Thursday, September 21, 2006

How we build RAF aircrafts

I've just read this little press release from the Ministry of Defence and my mind is boggling a little at why there is such fanfare at such an absurd way of doing things.

Basically, we're spending £2Bn on transport aircraft for the RAF (wonder if they will have explosion suppressents in the engine) which will be, according to the statement, delivered "early next decade". I'm not sure if that means 2011 or 2017 mind you. My guess is that if they're not ready by 2011 it will have meant 2017.

However, what I found more confusing is that apparently the components for the planes wings "are arriving in Bristol from a network of suppliers spanning seven European countries, Malaysia, South Africa and the United States".

We will then put them together into wings and then they'll be sent to Seville, in Spain so they can be attached to the rest of the plane - which will presumably be flown back to the UK?

Is it any wonder it's costing so much bloody money? The question is, why would anyone build something like this in such an inefficient way? I wonder if Lord Drayson has shares in a shipping business?


Anonymous said...

Wing-bits from Malaysia - whose retired-but-not-gone Prime Minister claims that there's no such thing as a moderate muslim.


CityUnslicker said...

This is what happens when the EU gets involved. Staggeringly inefficient in process; but politically rewarding pork-barrels for a number of governments

snowflake5 said...

LOL - I'm guessing that you've never been involved in running any manufacturing process.

Here's the flaw in your reasoning - you are assuming that the cost of transporting the parts from Malaysia, South Africa etc is more expensive than manufacturing the parts here and assembling them here. Wrong by a factor of a few thousand.

Labour costs exceed transportation costs by a mile. And some manufacturers abroad in the US and Europe have also developed such a scale that their costs are lowered. It's better the parts are made where they have a comparative advantage, (and can take multiple orders from manufacturers around the world), and transported here, than if we build a huge expensive parts manufacturer here to supply just this one project. Where there are efficient parts manufacturers in Britain, they are used - but the inefficient ones have gone bust long ago from international competition, and it's plain daft to revive them just because you can't get your head round transporting parts from abroad!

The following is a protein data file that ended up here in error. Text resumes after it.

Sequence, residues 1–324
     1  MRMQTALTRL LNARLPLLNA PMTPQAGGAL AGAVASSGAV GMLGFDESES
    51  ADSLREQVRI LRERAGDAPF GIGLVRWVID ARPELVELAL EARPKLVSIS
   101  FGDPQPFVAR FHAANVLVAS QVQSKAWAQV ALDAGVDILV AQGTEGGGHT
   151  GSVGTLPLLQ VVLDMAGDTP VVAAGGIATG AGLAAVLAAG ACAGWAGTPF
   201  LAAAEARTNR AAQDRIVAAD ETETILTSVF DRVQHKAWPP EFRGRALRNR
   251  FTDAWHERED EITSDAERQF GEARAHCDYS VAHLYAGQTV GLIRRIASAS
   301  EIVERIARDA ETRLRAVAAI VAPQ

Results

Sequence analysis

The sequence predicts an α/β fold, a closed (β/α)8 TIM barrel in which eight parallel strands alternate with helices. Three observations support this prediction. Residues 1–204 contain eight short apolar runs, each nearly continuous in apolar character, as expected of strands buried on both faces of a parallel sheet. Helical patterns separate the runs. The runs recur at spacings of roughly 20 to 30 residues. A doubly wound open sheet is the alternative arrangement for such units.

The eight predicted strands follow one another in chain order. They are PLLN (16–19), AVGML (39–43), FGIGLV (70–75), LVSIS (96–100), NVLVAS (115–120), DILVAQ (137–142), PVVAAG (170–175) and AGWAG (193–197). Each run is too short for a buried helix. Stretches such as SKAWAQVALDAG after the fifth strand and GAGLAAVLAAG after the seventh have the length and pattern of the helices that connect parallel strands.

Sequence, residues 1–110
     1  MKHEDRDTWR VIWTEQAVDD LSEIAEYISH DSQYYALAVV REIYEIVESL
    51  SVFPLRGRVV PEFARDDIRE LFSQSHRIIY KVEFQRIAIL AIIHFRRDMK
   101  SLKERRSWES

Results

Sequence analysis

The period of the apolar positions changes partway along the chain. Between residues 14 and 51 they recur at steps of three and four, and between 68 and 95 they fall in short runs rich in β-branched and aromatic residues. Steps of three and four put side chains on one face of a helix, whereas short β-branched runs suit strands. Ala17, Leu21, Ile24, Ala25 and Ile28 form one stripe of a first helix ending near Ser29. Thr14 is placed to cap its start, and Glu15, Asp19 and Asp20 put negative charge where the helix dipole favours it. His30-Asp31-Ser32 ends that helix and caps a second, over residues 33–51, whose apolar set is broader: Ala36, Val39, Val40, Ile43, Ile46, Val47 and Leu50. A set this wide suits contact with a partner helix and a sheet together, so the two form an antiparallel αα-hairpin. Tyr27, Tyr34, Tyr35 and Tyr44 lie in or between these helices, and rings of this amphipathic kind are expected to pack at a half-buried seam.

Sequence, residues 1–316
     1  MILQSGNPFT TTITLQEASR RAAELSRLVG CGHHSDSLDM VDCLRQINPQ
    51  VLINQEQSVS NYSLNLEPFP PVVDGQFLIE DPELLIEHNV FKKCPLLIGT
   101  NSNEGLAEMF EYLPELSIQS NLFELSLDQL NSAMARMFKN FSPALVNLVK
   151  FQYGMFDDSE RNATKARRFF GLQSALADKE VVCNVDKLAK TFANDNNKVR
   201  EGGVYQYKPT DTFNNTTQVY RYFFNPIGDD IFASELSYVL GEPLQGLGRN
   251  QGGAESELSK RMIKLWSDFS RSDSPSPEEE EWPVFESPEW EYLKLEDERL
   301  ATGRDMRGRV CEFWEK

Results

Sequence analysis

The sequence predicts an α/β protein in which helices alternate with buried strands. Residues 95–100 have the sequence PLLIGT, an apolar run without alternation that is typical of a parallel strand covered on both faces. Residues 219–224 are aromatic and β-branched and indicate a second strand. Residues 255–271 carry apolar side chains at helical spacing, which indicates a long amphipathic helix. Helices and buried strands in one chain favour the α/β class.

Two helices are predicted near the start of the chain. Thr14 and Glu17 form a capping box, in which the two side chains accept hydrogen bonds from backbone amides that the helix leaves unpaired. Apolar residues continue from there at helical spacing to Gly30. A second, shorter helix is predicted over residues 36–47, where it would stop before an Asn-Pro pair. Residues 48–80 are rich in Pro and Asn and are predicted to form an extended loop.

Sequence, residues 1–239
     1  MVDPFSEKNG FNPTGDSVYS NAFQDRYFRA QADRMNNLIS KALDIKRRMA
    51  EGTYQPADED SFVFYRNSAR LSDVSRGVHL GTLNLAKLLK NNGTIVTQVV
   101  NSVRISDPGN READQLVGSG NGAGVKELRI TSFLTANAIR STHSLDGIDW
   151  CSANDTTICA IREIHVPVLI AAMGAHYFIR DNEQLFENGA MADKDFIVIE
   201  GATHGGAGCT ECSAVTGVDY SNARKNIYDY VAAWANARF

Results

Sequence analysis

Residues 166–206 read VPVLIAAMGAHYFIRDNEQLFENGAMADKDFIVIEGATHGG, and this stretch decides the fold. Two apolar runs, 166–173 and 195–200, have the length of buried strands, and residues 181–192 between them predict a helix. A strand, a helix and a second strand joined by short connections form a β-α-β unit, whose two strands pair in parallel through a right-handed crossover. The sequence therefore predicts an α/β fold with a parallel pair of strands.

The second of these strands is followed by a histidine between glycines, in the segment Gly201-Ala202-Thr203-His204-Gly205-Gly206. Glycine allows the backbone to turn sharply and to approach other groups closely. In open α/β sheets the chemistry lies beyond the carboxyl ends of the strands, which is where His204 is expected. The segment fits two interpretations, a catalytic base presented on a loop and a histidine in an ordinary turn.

All major manufacturers operate on this basis, from Ford, and Nissan to Boeing and NASA - their parts suppliers come from all over the world. Anything else would be too damn expensive - you'd really be complaining about costs if you implemented your inefficient 1950's version of manufacturing!

dizzy said...

You're so cute. I love the way you say people have said things and then draw conclusions that they think things too. It make me chuckle every time you post. I've seen it so many times over the years on Usenet yet I never get tired of seeing you do it.

There is nothing more amusing than someone replying to a flippant observation by saying "I'm guessing that you....?" They then assume the answer to their question is accurtate, ramble off on a tirade, and then close by saying something along the lines of "it would be worse if we'd done what you said" even though the person never said the thing they'd been accused of.

God I love the Internet. And I love it when people discuss politics on it even more. It just gives the chance for knowledgable people to make tit's of themselves with poor argumentation.

Please don't ever leave this blog snowflakes. The entertainment value is too high a price to lose.

Now, on the matter in hand, the problem really isn't buying parts from around the world, and the idea that anyone was suggesting otherwise is in your head after all not in their words.

The observation I was making was related to buying lots of parts in one place, transporting them to another for assmebly, and then transporting that assembles part eslewehre to be attached to something else. That doesn't happen with cars.

Sure, parts for Ford cars come from around the world to Dagenham. But they put them together to completion in Dagenham. They do not put half the car together and then send it to another country in Europe to be finished before transporting it back again.

I realise that you feel like you have to be high and mighty on matters that are mildly economic, but besides the fact you ranted on about irrelevances, even part of your irrelevance was patently wrong.

That's ok though, being wrong is normal and only people like me are always right. You might get there one day..... if you're lucky.